Mike Stackpole had an interesting post this week about how books are being handled more like magazines than books by publishers and retailers. I thought I'd add my two cents in on that thought. And my two cents is that this is very, very bad for bookstores.
For several years, I was a buyer, then head buyer, for a distribution company that handled, among other things, role-playing game books (RPGs). We sold very few novels, so those tended to be special order only affairs; unlike bookstores, we didn't get full returnability. The RPGs (also mostly not returnable) sold much like books do in traditional brick-and-mortar bookstores. We also handled a few specialty magazine lines, which, for the most part, were also not returnable.
When it came time to order the magazines, I ordered just a handful over what I thought we would sell in the first week, and I almost never reordered. Why? Because those magazines were only relevant for the first week or so that they were available. Unless there was something REALLY cool and fairly timeless in that particular issue, after the first month the stupid things never sold again.
Book sales have always been front-end heavy. There's a rush for the first few weeks, and after that it slows to trickle. The more popular the book, the steadier the trickle, but it's still a trickle. Now, that trickle can over time amount to more sales than the initial rush...but only if the book is available.
If, as I've heard from several sources now (including this great post by Kris Rusch), book buying is really turning to the magazine model of buying, this is going to severely impact backlist sales, and it will also drive people to online buying. I know that anything I had full returnability on got overbought by at least 20%, and a lot of buyers overbuy by more than that, but with the increasingly limited shelf space, the bookstores just don't have room for all of those books even though they aren't out money if the books don't sell right away.
What this means is that backlist sales from brick-and-mortar stores will virtually disappear except for a very few titles from a small percentage of authors. People who want any of the other books will have to either find them at a used bookstore (no money to author), get it from the library (no money to author), or they'll have to buy it online. For some people, online sales are still impulse buys; they may go to the bookstore, find out they can't get the book without ordering it and waiting, and they may go online right then and there and buy it for their e-reader.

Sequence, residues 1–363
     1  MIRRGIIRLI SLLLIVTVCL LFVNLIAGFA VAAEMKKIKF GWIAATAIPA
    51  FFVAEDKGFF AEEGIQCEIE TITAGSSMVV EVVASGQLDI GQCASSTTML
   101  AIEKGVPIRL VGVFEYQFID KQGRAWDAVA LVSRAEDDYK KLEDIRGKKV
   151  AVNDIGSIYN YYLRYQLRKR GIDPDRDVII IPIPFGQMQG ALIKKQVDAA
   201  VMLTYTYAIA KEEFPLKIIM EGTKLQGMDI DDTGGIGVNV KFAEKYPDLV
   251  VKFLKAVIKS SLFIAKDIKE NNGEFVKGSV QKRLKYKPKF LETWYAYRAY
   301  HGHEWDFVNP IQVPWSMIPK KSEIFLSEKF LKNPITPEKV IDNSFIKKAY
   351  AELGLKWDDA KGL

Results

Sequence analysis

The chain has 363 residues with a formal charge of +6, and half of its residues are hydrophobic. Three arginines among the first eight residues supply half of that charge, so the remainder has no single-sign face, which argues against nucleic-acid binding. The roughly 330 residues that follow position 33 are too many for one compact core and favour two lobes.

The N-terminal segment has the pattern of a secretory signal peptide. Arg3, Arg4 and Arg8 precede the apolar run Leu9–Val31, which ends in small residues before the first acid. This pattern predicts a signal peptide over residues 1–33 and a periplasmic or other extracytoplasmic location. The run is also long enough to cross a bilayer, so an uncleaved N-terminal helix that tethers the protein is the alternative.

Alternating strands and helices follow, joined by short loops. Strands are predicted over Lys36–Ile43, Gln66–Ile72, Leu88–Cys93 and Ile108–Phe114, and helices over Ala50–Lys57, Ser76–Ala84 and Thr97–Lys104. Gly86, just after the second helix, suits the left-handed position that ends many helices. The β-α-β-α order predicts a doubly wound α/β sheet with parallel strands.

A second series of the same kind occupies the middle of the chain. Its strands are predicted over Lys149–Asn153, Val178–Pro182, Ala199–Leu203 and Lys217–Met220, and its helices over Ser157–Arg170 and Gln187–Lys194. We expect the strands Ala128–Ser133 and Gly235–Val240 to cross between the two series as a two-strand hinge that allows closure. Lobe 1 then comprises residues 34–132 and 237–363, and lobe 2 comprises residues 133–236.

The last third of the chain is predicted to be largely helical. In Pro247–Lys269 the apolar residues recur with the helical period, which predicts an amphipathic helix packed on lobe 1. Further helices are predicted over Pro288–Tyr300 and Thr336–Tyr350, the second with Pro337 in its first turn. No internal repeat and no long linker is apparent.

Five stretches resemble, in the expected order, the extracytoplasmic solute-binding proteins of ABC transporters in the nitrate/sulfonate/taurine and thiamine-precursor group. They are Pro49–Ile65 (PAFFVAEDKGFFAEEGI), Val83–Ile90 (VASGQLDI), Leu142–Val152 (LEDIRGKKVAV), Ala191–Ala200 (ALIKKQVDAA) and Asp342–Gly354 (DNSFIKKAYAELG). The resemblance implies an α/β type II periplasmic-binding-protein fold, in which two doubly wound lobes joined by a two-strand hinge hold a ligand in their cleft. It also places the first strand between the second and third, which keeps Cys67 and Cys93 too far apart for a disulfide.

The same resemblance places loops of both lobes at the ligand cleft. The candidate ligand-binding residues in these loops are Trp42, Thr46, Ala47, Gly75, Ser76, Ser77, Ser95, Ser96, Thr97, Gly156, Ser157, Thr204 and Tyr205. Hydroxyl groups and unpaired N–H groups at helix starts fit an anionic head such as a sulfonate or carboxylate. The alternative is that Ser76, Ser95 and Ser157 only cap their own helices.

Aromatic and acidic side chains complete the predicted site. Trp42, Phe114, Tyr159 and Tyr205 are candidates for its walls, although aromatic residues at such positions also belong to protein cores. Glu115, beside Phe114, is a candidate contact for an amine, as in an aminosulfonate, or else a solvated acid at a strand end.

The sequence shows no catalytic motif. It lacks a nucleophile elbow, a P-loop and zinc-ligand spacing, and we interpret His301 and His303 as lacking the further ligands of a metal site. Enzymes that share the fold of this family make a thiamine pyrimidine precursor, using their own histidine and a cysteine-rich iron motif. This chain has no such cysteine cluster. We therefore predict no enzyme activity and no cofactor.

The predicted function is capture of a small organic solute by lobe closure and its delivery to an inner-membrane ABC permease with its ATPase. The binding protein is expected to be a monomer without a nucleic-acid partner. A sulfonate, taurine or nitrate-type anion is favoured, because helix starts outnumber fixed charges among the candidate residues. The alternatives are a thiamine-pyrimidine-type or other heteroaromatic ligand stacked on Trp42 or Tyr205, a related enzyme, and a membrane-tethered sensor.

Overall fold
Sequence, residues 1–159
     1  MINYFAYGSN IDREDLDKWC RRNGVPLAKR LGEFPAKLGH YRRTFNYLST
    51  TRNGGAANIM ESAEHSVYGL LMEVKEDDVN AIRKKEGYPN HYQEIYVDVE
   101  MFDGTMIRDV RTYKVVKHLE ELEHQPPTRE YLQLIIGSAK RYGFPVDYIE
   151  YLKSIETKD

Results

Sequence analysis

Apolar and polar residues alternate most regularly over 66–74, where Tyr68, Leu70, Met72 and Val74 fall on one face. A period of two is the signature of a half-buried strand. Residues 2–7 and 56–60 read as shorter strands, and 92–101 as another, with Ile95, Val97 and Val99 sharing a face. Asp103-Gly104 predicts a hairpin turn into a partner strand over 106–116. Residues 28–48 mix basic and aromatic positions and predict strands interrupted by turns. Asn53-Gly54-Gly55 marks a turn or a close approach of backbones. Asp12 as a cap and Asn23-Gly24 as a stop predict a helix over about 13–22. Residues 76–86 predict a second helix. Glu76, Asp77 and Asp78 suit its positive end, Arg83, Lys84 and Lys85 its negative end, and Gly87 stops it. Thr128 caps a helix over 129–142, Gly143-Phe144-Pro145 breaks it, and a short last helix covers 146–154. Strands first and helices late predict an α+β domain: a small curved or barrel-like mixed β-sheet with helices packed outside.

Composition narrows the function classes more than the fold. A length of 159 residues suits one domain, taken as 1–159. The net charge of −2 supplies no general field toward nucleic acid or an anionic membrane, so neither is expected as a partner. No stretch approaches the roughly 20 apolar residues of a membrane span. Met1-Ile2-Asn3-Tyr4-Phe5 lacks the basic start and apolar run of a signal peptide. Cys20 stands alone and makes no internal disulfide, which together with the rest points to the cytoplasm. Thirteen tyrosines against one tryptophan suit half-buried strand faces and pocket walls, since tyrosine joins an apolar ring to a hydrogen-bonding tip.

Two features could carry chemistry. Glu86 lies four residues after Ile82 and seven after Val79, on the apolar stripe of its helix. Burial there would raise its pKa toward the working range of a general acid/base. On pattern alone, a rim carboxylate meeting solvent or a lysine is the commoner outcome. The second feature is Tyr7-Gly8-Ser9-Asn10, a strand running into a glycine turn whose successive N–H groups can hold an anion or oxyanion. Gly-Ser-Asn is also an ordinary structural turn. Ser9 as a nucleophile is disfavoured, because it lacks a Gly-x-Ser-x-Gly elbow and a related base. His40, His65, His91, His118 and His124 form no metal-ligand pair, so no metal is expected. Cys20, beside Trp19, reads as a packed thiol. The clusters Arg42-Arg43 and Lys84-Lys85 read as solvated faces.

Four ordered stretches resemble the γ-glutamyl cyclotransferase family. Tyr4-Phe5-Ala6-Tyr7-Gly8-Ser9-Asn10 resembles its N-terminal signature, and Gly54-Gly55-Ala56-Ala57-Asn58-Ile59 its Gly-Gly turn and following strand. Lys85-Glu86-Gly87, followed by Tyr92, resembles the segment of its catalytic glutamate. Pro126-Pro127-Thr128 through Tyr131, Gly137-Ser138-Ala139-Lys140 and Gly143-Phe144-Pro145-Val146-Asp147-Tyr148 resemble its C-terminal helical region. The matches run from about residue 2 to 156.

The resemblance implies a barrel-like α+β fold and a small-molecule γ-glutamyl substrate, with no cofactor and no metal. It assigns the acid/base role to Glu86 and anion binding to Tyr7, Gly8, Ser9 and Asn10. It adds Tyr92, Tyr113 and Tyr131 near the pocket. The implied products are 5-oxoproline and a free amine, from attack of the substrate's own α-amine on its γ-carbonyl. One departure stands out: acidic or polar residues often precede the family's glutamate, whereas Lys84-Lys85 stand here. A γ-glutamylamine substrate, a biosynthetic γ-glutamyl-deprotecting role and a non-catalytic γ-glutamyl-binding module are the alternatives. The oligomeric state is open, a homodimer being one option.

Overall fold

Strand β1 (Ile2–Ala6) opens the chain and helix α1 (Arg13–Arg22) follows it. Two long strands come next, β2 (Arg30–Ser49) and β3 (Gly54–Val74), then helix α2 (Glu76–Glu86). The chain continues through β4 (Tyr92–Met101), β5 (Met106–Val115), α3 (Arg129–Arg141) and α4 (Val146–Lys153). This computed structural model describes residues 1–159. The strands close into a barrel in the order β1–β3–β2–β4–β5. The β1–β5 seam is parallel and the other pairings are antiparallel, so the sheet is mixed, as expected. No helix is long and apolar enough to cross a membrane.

I'm willing to bet that the majority of people are not at that point yet.
We live in a culture that thrives on instant gratification. When we want something, we want it now. If we have to wait for it, or work for it (ie running around to more than one store, or make an order online), odds are we'll lose interest. I foresee a lot of this scenario:
Reader goes to bookstore, and wants to buy X book. Reader is told by staff that they don't have a copy, but they can order one. Reader thinks "If I have to order it, I might as well order it online because I can get it cheaper than I can ordering it from the bookstore, plus I won't have to come back to the bookstore." Reader goes on about Reader's business, and by the time Reader gets home, Reader has forgotten about ordering the book. Reader, being a reader, probably already has a stack of books waiting to be read and picks up one of those because Reader wants something to read right now. If this happens often enough, Reader will probably stop going to the bookstore at all, and will just buy all of their books online.
So my guess is there will be a downtick in backlist sales for awhile as readers migrate more permanently to online book buying. Then backlist sales will probably start to climb again, but only online. Meanwhile, traffic in bookstores as a whole will dwindle, because people are used to not finding what they want at bookstores and will buy their new books online too, wrapping backlist sales into new release purchases so they can get free shipping. This will lead to more bookstores closing, less shelf space, fewer readers finding what they want at brick-and-mortar stores (or being able to find brick-and-mortar stores)... You get my drift.
I also think used bookstores will see increased traffic. People will learn that if they want a backlist title right now and they don't want a digital copy, the used bookstores are the place to look. And if they don't find the title they're seeking, well, there are lots of other backlist titles there that might fit the bill and satisfy their immediate gratification need (making it less likely that the reader will remember to order book X later). Plus a lot of used bookstores also carry a limited selection of new titles, and that's one less online order for Reader to make.
Don't get me wrong, I love used bookstores. But this will impact sales. And impacts on sales can have very weird effects on what publishers decide to publish down the road.